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Usage example with a context:

Putin has made his and his family's private life little less than a state secret, keeping his rarely-photographed daughters Yekaterina, 28, and Maria, 29, out of sight and managing his divorce with the minimum fuss.

If we are to understand this literally, then what we'd have is something like this: if it's little less than a state secret, then it means that it's not a state secret but it's almost one. But I suppose this phrase has more of an idiomatic use. So, how do you understand that expression: as an idiom or just literally?

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I would say the phrase is not being used idiomatically in this instance - your literal interpretation is absolutely correct in my view. It could be replaced with 'virtually' or 'as good as' to achieve the same meaning. I think this phrase could be used non-literally in a hyperbolic sense, but I don't think that would quite class it as an idiom though, eg:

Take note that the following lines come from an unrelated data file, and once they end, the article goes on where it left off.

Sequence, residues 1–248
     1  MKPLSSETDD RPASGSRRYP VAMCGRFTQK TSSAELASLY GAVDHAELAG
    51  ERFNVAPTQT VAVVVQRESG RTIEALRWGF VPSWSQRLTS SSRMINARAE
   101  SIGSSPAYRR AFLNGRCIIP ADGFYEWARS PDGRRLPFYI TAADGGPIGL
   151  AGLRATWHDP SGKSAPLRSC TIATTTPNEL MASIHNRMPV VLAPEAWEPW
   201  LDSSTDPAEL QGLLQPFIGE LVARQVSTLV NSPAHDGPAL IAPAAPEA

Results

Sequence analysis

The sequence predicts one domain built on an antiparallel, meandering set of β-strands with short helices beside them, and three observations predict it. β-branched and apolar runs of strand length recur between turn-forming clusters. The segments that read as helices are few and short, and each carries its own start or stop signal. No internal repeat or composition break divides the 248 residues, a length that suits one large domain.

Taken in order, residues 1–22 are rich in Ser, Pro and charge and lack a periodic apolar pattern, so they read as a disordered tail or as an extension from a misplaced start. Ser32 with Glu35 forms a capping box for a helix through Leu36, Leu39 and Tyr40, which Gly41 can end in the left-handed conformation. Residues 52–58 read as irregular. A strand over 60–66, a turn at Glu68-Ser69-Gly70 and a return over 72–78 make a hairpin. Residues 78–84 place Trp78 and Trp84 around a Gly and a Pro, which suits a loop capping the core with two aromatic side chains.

On seeing the delight that Keith took in swatting flies, Marcia considered him as little less than a serial killer.

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It's basically literal. It is not a state secret. It doesn't quite reach the level of being a state secret. But it almost does. It is just a little less than a state secret.

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